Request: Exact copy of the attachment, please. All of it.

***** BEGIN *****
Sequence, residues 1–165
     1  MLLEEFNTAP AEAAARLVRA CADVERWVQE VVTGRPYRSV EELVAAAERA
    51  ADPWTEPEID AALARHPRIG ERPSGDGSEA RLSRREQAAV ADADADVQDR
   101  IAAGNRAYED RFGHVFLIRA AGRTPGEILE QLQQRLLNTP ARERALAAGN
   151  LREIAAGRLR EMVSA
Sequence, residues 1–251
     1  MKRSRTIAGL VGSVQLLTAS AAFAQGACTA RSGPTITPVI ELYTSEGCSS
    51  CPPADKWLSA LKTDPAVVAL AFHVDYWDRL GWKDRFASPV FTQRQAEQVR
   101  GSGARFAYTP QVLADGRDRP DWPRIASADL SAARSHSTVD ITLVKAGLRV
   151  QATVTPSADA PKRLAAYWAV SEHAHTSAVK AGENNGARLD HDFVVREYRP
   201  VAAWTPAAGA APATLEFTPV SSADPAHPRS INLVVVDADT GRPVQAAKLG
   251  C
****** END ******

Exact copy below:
Sequence, residues 1–165
     1  MLLEEFNTAP AEAAARLVRA CADVERWVQE VVTGRPYRSV EELVAAAERA
    51  ADPWTEPEID AALARHPRIG ERPSGDGSEA RLSRREQAAV ADADADVQDR
   101  IAAGNRAYED RFGHVFLIRA AGRTPGEILE QLQQRLLNTP ARERALAAGN
   151  LREIAAGRLR EMVSA
Sequence, residues 1–251
     1  MKRSRTIAGL VGSVQLLTAS AAFAQGACTA RSGPTITPVI ELYTSEGCSS
    51  CPPADKWLSA LKTDPAVVAL AFHVDYWDRL GWKDRFASPV FTQRQAEQVR
   101  GSGARFAYTP QVLADGRDRP DWPRIASADL SAARSHSTVD ITLVKAGLRV
   151  QATVTPSADA PKRLAAYWAV SEHAHTSAVK AGENNGARLD HDFVVREYRP
   201  VAAWTPAAGA APATLEFTPV SSADPAHPRS INLVVVDADT GRPVQAAKLG
   251  C